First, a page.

+356 is the dialing code for Malta.
The small island nation of Malta in the middle of the Mediterranean is the EU’s smallest member state. With its strategic location between Sicily and the north coast of Africa, Malta forms a bridge between Europe and Africa and the country has received a stream of refugees and migrants en route north from Africa and the Middle East. Tourism is Malta’s most important industry.
- Abbreviationfinder: Brief profiles of Malta, including geography, history, politics, economics as well as common acronyms about this country.
Geography and climate
Republic of Malta is a small island, strategically located in the middle of the Mediterranean. The nearest neighbor is the Italian island of Sicily, just over nine miles north. To the west it is 29 km to the coast of Tunisia and about 20 km to the south is Libya.
The country consists of the islands of Malta, Gozo and Comino as well as some uninhabited small islands. In total, the land area is no larger than the West Swedish island of Orust. The main island of Malta constitutes just over three quarters of the land area. There, the longest distance from the southeast to the northwest is 2.7 km. Gozo is at most only 1.4 miles. Comino is less than three square kilometers in area.
The bedrock consists mainly of limestone and nature is dominated by heaths with poor bush vegetation. The barren plain landscape sometimes turns into low hills with terraced gardens along the slopes. There are a total of only 300 hectares of forest on the islands. In the smallest islands, almost no trees grow.
The country completely lacks lakes and rivers. Access to drinking water is severely limited and great efforts are being made to increase access.
|Cultivated land||32.3 %|
|Land area||316 km 2|
Population and health
|Population development||0.31 ‰|
|Urban population (Urbanization)||95.4 %|
|Death rate||9.09 per 1000 residents|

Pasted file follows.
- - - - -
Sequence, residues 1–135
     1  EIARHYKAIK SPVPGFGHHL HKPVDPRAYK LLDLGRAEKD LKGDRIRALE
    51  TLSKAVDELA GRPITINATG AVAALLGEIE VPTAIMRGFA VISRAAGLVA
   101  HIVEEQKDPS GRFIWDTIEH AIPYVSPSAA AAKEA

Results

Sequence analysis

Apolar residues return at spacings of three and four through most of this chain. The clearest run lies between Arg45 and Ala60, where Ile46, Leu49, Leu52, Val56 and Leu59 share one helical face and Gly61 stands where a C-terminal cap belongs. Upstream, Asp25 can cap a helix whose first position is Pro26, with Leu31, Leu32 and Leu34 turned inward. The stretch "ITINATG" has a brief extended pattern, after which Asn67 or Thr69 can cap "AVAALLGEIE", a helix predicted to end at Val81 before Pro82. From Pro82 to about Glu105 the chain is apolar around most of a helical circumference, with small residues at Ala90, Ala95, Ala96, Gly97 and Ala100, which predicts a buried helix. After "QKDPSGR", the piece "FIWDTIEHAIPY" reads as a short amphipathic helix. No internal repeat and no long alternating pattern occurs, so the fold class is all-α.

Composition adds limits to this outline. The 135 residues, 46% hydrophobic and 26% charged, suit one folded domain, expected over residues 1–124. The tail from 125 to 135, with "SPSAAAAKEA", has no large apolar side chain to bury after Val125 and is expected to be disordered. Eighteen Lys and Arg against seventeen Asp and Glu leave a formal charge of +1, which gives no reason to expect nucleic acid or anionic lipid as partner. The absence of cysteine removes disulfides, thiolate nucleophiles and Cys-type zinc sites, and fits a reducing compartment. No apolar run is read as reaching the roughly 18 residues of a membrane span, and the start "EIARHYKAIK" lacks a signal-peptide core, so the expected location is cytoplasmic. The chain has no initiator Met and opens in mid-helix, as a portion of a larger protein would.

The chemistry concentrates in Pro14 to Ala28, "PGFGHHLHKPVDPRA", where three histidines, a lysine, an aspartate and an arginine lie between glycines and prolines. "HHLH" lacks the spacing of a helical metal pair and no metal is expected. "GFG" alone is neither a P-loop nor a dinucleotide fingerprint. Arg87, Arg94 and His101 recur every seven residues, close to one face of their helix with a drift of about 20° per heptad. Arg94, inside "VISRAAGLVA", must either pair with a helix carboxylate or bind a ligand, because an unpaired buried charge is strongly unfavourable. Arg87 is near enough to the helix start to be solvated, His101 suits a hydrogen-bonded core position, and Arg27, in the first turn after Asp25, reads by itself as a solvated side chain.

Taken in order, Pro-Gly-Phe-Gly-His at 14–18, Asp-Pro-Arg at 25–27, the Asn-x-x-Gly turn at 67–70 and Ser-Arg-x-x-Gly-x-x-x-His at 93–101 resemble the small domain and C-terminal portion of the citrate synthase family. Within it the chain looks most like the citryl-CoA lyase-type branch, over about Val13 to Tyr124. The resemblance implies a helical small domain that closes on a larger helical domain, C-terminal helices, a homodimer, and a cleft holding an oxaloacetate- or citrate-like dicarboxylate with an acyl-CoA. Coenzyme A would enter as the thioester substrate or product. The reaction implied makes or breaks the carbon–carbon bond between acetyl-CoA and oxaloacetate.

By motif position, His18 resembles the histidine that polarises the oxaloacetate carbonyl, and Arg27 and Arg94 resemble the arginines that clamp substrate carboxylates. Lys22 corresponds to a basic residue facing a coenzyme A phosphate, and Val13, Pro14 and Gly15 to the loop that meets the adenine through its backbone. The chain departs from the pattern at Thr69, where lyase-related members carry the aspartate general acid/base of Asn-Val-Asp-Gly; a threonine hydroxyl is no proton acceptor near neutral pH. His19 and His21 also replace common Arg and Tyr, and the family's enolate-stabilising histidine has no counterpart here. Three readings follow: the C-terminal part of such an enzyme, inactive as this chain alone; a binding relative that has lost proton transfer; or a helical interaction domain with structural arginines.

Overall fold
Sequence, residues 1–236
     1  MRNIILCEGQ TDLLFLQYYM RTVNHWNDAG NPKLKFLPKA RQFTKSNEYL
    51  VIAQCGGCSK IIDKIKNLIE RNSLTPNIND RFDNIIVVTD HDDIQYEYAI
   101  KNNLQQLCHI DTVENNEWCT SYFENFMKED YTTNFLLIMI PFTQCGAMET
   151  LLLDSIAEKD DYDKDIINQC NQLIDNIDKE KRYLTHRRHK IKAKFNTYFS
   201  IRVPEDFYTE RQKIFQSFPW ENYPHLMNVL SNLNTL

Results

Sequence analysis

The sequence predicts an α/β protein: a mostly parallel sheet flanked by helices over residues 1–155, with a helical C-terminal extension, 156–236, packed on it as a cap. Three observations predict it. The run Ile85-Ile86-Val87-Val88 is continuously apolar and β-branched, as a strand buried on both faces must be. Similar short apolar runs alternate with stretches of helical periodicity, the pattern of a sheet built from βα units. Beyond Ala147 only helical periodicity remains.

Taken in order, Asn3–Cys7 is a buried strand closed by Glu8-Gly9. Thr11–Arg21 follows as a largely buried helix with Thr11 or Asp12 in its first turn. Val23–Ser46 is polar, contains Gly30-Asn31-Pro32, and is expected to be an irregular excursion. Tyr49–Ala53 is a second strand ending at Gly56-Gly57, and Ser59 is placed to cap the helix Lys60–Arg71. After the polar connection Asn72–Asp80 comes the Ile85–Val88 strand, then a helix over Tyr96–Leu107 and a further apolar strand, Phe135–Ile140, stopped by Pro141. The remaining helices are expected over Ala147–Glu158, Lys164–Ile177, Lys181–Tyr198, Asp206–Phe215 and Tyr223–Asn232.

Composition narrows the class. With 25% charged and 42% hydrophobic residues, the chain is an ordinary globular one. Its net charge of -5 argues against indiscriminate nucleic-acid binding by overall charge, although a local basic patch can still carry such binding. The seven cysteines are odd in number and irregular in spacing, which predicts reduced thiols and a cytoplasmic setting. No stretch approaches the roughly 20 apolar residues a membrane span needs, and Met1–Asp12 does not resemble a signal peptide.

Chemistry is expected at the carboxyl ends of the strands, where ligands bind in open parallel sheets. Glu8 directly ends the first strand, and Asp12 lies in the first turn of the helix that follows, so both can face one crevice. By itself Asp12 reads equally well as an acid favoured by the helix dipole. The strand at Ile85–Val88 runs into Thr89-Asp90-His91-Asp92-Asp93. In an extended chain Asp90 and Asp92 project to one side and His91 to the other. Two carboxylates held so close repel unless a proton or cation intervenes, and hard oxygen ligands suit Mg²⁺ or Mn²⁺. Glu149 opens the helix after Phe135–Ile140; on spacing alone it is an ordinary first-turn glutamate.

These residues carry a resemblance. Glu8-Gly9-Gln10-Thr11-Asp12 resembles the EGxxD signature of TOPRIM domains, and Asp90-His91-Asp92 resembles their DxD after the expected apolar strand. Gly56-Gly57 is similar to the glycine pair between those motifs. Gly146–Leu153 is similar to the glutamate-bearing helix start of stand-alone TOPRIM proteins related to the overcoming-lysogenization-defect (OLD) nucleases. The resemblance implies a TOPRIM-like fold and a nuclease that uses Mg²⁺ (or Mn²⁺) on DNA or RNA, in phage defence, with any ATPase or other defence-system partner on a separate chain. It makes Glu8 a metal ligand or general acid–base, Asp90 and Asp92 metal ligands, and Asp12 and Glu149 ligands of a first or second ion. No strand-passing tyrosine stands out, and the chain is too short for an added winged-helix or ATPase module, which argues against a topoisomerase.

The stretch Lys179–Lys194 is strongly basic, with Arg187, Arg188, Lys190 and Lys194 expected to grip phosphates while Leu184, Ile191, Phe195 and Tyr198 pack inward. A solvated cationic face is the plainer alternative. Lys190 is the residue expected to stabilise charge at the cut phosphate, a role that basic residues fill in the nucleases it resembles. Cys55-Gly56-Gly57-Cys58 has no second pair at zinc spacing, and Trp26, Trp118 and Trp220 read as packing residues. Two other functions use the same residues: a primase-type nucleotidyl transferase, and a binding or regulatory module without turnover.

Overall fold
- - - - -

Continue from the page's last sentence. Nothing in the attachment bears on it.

|Life expectancy: Women||82.71 years|
|Life expectancy: Men||77.92 years|
|Birth rate||10.18 births per 1000 residents|
|Infant mortality||3.56 deaths / 1000 births|
Population Graph Source: Countryaah.com
|Electricity, production||2170 million kWh|
|Energy consumption per inhabitant||1599.3 kg. oil per resident|
|Natural gas, production||million cubic meters|
|Crude oil, production||million tons|
|Internet users||40.2 per 100 residents|
|Mobile subscriptions||132 per 100 residents|
|Passenger cars||693 per 1000 residents|
Business and economics
|Unemployment||5.2% of the workforce|
|GDP||35900 per resident|
|Primary occupations||1.5 %|
|Secondary profession||24.7 %|
|Tertiary professions||73.9 %|
The islands’ northern and eastern sides have deep sea coves with protected natural harbors. In the west, on the other hand, the coasts are steep and difficult to reach, while the plains reach the south coast.
Every spring, some bird species are hunted, including quail and turf pigeons. The hunting of these birds is controversial and prohibited in the rest of the EU.
Malta has a typical Mediterranean climate. The summers are hot and dry, while the autumn and short winters are lukewarm and rainy.
Desert winds from the Sahara mean that the daytime temperatures in July and August are often above 30 degrees. Nearly all precipitation falls between October and March. October is the rainiest month. It blows a lot, and the islanders have given each wind their own name. The northwest wind Majjistral is most common. Another, dry northwest wind is called Grigal, and a warm, moist wind from the southeast is called Xlokk.
FACTS – GEOGRAPHY AND CLIMATE
316 km2 (2018)
Adjacent country (s)
Neighboring countries are missing
Capital with number of residents
Valletta 5700 (Sources: Allcitypopulation.com)
Other major cities
Birkirkara 20,500, Mosta 19,500, San Pawl il-Bahar 19,000 (Estimated 2012)
Benghiza Point (253 m asl)
Malta lacks rivers
Malta lacks lakes
Average Precipitation / month
124 mm (Oct), 1 mm (July)
Average / day
Valletta 26 °C (Aug), 12 °C (Jan)
No for hunting bans
In a referendum, the Maltese say with very little margin “no” to a proposal in Parliament that would prohibit the controversial, and traditionally-bound, spring hunting of certain bird species, among other quail and trip pigeons. The hunt is prohibited in other EU countries.